Synovial Sarcoma

Abstract

Named after its histologic resemblance to normal synovium, synovial sarcoma is a high-grade, malignant soft-tissue tumor that frequently occurs in the para-articular regions of the large joints of the extremities. Although it is often found in close association with tendon sheaths, bursae, and joint capsules, rarely does it involve the joint. Three distinct histologic subtypes have been described: biphasic, monophasic, and poorly differentiated. Synovial sarcoma accounts for approximately 8% of all soft-tissue sarcomas, and is most prevalent in adolescents and young adults 15 to 35 years of age. Wide surgical resection and adjuvant radiation therapy are the mainstays of treatment. Chemotherapy is also gaining a significant role. Five-year overall survival rates range from 36% to 76%. Tumor size greater than 5 cm, local invasion, metastases, and positive surgical margins have been shown to be negative prognostic factors.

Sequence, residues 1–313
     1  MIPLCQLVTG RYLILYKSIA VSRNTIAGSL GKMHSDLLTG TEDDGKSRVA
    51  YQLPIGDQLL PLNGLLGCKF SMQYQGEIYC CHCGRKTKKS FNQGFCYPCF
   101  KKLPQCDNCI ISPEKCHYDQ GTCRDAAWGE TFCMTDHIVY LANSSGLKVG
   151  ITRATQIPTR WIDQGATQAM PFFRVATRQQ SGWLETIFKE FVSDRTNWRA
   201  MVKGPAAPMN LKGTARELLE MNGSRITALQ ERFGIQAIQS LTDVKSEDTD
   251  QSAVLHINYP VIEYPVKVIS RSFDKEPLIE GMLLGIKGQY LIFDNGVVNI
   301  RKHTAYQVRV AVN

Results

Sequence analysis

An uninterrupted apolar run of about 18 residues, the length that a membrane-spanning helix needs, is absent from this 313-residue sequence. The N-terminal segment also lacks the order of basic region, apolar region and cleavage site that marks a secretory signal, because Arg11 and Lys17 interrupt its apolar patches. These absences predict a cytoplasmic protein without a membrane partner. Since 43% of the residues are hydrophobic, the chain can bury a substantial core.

This content is only available to members of the AAOS.

Please log in using the link at the top right corner of this page to access your exclusive AAOS member content.

Not a member? Become a member!

Advertisements


Advertisement


X